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When the equation states "G = free energy of the gas at 1 atm + free energy difference due to different pressure" it is just verbalizing the equation of G=G°+RTln(P). If the RTln(P) part of the equation involves a pressure less than 1, then the whole value will be negative and will be subtracted from the value of free energy at the standard state. When the pressure is greater than 1 atm, the value of RTln(P) will be positive and will be added to the standard state. The whole equation shows how free energy depends on pressure and therefore should be noted as G rather than deltaG.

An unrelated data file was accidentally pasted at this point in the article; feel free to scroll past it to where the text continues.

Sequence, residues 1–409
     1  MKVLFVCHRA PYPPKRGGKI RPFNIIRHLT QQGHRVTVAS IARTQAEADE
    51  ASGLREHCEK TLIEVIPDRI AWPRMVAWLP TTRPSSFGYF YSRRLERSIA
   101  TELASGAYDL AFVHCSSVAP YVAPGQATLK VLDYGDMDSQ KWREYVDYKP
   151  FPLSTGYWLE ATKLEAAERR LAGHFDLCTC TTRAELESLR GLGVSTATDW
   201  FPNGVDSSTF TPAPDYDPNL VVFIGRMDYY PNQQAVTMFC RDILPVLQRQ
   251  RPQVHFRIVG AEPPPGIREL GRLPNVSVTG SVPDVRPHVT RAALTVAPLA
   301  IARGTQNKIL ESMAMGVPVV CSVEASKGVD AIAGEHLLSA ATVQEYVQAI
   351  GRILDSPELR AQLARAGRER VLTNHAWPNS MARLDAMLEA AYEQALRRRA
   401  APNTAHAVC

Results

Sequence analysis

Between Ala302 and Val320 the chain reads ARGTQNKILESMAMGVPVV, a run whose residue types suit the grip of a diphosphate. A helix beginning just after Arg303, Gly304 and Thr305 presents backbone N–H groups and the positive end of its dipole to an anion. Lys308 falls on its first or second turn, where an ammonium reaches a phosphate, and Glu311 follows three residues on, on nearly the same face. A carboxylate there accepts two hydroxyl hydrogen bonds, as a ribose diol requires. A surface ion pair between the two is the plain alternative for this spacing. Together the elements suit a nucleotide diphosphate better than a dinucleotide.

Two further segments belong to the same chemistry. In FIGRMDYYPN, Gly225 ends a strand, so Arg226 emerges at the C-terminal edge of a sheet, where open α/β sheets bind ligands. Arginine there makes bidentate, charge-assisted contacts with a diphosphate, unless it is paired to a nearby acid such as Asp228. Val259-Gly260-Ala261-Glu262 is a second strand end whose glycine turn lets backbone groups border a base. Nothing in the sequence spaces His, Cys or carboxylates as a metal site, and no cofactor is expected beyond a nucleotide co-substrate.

I was also confused by this in class but in the equation G = G^o + RTln(P/P^o), I believe that the P is the atmospheric pressure and the P^o is always 1.00 atm because it's standard. Therefore, when P is more than 1.00 atm, (P/P^o) is positive and when P is less than 1.00 atm, (P/P^o) is negative.
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